Wednesday, July 16, 2008

TDK – HBO’s First Look

Below are two vids that encapsulate HBO’s "First Look" of The Dark Knight. I love it! This has all the markings of great drama. Consider, too, the words of James Berardinelli from his new 4-star review:

Consequences. In real life, these ramifications emanate from every action like ripples from a stone thrown into a pond. Often in movies, especially those that feature characters who don't play by the rules, such penalties are suspended. However, in Christopher Nolan's Batman universe, decisions and actions have consequences. The Dark Knight, arguably the moodiest and most adult superhero motion picture ever to reach the screen, illustrates this lesson in ways that are startling and painful. This is a tough, uncompromising motion picture - one that defies the common notions of what is expected from a "superhero" film. While there are plenty of action sequences and instances of derring-do, The Dark Knight's subtext has a tragic underpinning that would intrigue Shakespeare or the Greeks. It's about power and impotence, sanity and madness, image and reality, selfishness and sacrifice, and - yes - consequences...

For all of the heavy lifting done by the movie’s screenplay, dealing as it does with substantive issues and existential questions, there's still plenty of the meat-and-potatoes content of any superhero movie: action sequences. There are numerous fights, chases, and races. The Batmobile gets its share of screen time as does a new Bat-cycle. Batman takes on bad guys singly and in bunches. And there's a heart-pounding sequence in which the Caped Crusader must race against time to save a life, where the price is almost as terrible if he succeeds as if he fails. Nolan's inherent sense of how to transform a relatively mundane fight scene into something involving is in evidence here, much as was the case in Batman Begins. He avoids flash editing and allows the action to evolve in a coherent manner, drawing the viewer in rather than keeping him guessing what's going on…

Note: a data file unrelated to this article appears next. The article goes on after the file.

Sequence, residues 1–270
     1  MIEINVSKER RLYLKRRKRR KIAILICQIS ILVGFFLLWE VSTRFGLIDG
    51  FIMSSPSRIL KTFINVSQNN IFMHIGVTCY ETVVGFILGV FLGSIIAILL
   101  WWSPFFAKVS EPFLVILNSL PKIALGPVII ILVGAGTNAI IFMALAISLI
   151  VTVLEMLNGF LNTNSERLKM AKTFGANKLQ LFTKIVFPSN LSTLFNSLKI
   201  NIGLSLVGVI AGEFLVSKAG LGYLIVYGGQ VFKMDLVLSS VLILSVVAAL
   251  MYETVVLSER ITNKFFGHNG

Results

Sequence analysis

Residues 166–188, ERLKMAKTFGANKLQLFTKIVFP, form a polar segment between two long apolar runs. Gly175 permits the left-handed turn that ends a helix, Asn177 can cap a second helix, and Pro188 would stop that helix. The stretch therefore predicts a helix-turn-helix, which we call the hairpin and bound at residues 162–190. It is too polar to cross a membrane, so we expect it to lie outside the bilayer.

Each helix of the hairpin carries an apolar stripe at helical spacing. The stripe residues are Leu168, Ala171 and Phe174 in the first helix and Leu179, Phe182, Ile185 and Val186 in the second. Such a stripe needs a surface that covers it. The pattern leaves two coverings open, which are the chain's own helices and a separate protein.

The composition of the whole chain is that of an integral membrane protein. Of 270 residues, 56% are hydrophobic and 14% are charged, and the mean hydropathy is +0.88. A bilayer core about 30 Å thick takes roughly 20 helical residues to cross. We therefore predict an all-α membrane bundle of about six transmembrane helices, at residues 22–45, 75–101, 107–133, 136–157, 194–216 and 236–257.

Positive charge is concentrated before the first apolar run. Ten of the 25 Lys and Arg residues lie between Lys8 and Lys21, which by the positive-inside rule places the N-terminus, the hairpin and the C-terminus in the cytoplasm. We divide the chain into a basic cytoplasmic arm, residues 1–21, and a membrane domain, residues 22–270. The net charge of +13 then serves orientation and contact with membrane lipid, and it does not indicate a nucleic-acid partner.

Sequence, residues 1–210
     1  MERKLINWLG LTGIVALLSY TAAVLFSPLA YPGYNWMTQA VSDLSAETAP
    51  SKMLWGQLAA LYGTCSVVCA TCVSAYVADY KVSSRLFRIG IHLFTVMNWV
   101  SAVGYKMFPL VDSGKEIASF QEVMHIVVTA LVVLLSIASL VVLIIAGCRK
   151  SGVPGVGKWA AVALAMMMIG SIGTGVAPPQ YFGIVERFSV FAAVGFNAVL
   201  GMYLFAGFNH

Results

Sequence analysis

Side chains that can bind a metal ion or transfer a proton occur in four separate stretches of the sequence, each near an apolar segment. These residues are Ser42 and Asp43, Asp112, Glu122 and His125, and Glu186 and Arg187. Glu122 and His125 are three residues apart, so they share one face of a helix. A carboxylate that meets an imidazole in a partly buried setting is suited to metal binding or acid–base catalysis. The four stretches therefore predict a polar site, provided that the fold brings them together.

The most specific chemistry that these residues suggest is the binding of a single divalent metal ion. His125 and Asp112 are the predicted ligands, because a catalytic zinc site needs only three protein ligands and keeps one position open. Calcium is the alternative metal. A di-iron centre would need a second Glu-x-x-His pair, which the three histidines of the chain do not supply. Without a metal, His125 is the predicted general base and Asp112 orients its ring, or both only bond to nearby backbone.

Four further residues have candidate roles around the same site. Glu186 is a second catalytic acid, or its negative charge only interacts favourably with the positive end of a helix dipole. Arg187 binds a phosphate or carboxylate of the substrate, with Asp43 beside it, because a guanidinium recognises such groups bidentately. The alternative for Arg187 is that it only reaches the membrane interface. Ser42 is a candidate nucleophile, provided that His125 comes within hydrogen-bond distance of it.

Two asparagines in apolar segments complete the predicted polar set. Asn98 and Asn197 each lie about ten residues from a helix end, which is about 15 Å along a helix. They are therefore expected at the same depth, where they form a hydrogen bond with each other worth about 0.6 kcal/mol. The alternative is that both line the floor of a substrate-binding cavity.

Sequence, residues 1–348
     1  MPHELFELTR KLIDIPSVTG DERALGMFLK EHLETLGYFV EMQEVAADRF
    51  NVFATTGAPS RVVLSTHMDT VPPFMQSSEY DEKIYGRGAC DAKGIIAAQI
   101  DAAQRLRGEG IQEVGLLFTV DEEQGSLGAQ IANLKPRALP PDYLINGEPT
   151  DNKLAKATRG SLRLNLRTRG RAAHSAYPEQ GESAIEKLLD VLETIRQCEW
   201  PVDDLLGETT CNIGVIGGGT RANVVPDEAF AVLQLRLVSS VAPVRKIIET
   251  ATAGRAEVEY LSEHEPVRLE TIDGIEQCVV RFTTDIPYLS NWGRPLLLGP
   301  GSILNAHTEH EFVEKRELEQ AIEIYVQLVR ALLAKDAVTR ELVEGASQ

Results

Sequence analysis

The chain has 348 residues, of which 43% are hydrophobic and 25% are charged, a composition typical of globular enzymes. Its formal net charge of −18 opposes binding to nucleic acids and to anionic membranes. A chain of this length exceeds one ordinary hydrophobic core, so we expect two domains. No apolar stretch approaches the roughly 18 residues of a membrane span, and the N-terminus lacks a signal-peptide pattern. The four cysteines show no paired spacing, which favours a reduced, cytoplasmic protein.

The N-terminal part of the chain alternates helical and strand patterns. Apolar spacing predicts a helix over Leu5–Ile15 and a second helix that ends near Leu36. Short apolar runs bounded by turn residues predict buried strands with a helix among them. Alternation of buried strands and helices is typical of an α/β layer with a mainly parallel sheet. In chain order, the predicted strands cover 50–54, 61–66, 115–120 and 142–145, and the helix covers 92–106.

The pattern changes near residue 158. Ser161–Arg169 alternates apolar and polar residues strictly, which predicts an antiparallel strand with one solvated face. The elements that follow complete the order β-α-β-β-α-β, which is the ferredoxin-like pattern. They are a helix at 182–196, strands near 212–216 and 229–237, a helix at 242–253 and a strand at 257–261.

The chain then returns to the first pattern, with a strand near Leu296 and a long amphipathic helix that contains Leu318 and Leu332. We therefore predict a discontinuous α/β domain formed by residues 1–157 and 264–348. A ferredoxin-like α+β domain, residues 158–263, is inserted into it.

Sabina E. said...

wow. holy hell. the movie hasn't even come out yet and people are already talking about Oscar nods for this one. It's very rare for a superhero/action movie to get a lot of raving reviews like that.

I'm actually kind of excited to see what's the big fuss all about.

Mystery Man said...

Yeah, baby! It's going to be great.


Emily Blake said...

Yep, this seals it. I would have Chris Nolan's babies.

Anonymous said...

I saw a preview Monday night for Warners employees, and I have to tell you, it was more amazing than you're even expecting.

Take David Denby's review, then imagine the exact opposite. "The narrative isn’t shaped coherently"? Did Denby fall asleep halfway through the movie.

The movie was full of clever bits of detective work, melded with character and action. The writers even made international money laundering clear and understandable.

You guys are going to love this film.

Mystery Man said...

Emily - Me too!

Anon prod ass - I was there. Did you recognize me? Hehehe...

On a side note, here's a comment from Ebert's 4-star review, which I thought were interesting: